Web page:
Wednesday, July 18, 2018

Republicans stand by and stare as Trump shoots America

This morning one of my friends expressed disgust, not at Trump (reason being that we all knew what to expect from him) but at the Republicans in congress and all others who support Trump in spite of the damage he inflicts on our country every single day. You might recall that Scriber has been saying that the real story of 2016 and the rise of Trump is not so much Trump as those who support him no matter what.

Donald Trump controversially observed that he could shoot an individual on a widely trafficked New York City street and not “lose one voter.” That is true according to factchecking by Snopes.

Now to put it in context, Snopes informs us that “The comment was part of a larger point Trump was making about the loyalty of his voting base”.

Trump knows that he can stand on stage in Helsinki, sucking up to the KGB agent now dictator of Russia, disparage America and its institutions, alienate our allies, and not lose a single Republican in congress. That also is true according to Scriber’s reading of the news about reactions to the Helsinki summit.

To put this one also in context, it is about the loyalty Trump enjoys amongst the Republicans in congress. Like, for example, AZ Senator Jeff FLake, the congressional Republicans might say Trump has done wrong, but they honor their bargain with him.

That’s the theme of John Cassidy’s column at the New Yorker, What’s Changed Between the G.O.P. and Trump After Helsinki: Nothing.

Donald Trump’s rise within the Republican Party is often described as a hostile takeover, and there’s obviously some truth in that description. But after Trump won the G.O.P. Presidential nomination, in 2016, most of the Party’s leaders in Washington made their peace with him, on the basis of an arrangement that is still in effect today.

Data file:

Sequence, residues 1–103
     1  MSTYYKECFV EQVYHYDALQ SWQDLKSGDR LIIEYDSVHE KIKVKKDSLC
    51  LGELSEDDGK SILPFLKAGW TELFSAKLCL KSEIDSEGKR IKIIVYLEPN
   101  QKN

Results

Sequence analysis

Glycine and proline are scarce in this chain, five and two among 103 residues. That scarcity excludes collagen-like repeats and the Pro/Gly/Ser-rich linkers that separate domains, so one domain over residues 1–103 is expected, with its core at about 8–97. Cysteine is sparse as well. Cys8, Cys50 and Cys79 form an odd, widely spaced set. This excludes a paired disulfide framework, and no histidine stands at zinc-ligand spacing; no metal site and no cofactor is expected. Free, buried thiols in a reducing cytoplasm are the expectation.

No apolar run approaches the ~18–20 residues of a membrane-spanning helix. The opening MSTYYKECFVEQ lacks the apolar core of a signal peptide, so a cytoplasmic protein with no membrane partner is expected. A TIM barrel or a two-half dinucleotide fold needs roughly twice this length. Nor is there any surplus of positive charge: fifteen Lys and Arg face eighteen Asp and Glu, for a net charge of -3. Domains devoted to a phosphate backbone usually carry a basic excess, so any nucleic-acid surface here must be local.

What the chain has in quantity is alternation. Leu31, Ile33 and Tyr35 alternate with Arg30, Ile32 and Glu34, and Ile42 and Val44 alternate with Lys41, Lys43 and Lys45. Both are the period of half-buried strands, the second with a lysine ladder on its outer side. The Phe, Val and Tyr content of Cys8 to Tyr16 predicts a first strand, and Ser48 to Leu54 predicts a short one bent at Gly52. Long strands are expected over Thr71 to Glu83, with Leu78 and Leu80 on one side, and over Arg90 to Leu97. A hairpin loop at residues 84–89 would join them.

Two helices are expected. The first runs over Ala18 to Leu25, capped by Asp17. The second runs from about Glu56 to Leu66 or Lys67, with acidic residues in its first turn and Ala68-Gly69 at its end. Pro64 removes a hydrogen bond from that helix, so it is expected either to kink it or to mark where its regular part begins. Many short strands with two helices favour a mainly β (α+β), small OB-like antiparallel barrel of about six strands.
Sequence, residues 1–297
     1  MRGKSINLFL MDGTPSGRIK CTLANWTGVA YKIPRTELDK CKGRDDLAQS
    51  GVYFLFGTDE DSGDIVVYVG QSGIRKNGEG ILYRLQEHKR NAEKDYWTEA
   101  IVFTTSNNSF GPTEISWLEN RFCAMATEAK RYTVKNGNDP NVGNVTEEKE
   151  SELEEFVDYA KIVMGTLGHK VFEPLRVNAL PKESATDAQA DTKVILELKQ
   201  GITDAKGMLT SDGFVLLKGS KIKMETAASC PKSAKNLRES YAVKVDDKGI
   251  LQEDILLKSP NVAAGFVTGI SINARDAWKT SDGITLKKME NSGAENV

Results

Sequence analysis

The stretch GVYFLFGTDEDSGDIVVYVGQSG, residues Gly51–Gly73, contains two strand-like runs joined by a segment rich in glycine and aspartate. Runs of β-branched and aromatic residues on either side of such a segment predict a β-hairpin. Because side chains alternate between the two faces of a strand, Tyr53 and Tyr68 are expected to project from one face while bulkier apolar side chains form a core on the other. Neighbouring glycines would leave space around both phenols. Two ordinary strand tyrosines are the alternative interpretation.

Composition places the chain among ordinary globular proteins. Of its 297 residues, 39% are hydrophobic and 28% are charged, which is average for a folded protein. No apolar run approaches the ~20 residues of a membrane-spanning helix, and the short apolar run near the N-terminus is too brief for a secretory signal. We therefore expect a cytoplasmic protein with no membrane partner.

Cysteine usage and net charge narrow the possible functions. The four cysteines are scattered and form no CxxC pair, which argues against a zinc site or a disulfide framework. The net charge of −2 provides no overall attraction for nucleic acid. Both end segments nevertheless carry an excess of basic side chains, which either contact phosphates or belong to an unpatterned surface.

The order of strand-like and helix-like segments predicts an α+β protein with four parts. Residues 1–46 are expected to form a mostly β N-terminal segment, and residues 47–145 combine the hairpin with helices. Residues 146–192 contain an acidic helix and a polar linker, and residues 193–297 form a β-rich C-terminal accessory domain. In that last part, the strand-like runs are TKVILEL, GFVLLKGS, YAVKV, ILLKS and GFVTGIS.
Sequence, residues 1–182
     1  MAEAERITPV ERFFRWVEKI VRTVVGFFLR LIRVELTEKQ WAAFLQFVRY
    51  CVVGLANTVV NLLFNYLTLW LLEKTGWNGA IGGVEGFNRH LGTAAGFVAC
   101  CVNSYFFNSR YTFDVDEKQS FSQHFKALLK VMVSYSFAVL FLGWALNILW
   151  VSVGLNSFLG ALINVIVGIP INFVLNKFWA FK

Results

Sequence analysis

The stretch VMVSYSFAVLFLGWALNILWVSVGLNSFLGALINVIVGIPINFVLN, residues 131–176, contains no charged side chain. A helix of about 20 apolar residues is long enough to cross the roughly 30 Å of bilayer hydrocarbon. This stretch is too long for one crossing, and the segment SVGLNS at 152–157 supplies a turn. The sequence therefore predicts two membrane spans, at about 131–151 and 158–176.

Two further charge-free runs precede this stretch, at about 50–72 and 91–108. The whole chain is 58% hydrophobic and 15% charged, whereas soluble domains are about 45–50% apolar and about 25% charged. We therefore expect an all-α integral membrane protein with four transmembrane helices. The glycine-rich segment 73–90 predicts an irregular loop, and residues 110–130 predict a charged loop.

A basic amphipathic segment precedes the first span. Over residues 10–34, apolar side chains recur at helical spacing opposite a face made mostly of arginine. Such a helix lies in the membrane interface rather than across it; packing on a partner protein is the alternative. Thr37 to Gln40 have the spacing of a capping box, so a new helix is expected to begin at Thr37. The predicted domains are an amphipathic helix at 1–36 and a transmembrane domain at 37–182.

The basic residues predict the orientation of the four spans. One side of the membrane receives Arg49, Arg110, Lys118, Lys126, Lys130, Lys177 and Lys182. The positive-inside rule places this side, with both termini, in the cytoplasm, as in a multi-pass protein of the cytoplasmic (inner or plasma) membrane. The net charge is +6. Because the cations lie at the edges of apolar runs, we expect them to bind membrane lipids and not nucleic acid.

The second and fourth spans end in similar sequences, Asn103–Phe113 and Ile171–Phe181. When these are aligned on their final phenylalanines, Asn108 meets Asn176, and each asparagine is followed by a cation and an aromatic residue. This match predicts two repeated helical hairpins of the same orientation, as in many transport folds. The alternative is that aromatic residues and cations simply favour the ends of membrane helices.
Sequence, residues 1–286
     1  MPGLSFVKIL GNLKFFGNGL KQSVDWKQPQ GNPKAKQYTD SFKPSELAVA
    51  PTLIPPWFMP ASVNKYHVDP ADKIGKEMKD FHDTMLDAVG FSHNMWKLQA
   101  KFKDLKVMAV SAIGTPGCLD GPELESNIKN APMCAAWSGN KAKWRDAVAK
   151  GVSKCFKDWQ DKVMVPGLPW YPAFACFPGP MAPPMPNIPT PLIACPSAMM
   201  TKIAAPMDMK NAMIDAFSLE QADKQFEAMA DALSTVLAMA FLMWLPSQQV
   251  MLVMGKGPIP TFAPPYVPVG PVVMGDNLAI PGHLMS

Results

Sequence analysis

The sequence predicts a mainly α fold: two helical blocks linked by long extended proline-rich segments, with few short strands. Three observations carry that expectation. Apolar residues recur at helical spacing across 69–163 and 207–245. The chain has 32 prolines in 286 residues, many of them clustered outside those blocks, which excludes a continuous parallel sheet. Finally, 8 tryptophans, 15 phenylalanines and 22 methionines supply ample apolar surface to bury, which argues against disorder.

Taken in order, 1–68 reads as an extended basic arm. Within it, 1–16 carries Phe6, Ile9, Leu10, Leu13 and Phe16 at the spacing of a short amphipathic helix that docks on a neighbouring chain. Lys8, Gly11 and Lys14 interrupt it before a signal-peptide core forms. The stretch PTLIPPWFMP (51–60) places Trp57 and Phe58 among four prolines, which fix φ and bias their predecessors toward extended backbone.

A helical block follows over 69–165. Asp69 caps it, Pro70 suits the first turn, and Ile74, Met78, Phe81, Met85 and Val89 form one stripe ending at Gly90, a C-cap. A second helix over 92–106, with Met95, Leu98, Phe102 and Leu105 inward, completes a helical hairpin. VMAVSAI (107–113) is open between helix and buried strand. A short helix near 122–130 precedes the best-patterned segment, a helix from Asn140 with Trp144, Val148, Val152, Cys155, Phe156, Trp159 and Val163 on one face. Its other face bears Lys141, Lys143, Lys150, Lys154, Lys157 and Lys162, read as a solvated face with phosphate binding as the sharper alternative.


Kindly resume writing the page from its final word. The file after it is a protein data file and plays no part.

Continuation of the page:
… Trump agreed to campaign for other Republican candidates. He also agreed to abide by many of the central tenets of the G.O.P. faith, including its devotion to tax cuts, deregulation, and the dismantling of the liberal welfare and administrative state.

Trump has, however, insisted on adding some twists to the Republican platform, some of which—such as protectionism and suspicion of international alliances—contradict the old dogma. But internal consistency is a goal that democratic mass movements never fully achieve, and the Trump-G.O.P. concordat has proved more durable than many observers expected, surviving eighteen months of chaos, controversies, and occasional big setbacks, such as the failure to repeal Obamacare. Trump’s recent criticism of nato allies, and his denial of Russian election hacking at a press conference with Vladimir Putin, in Helsinki, have provoked an enormous political reaction, but nothing that has transpired in the past few days suggests that the Trump-G.O.P. deal is about to break apart.

To the contrary, both the President and his party are determined to get the Helsinki fiasco behind them and return to business as usual. “I take him at his word if he says he misspoke, absolutely,” the Ohio senator Rob Portman told Fox News, on Tuesday, shortly after Trump’s pitiful effort to walk back his comments at the press conference. Senator Marco Rubio, of Florida, commented: “I can’t read his intentions or what he meant to say at the time. Suffice it to say that for me as a policymaker, what really matters is what we do moving forward.”

A few Republicans did call Trump’s comments disgraceful, but fear and short-term self-interest still have most of them cowed. At the grass roots of the Party, there is no sign of Trump’s supporters deserting him, which makes it very dangerous to cross him. …

But fear of Trump and his cult of personality isn’t the entire story. In their state of subjection, many Republicans console themselves with the thought that, in policy terms, the concordat is still holding, as evidenced, for example, by Trump’s nomination of Brett Kavanaugh, a conservative scion of the Republican establishment, to the Supreme Court.

With a Republican-controlled congress, there is little chance that anything meaningful will come of attempts to constrain Trump from standing on more Helsinki podiums and doing the national security equivalent of shooting America.

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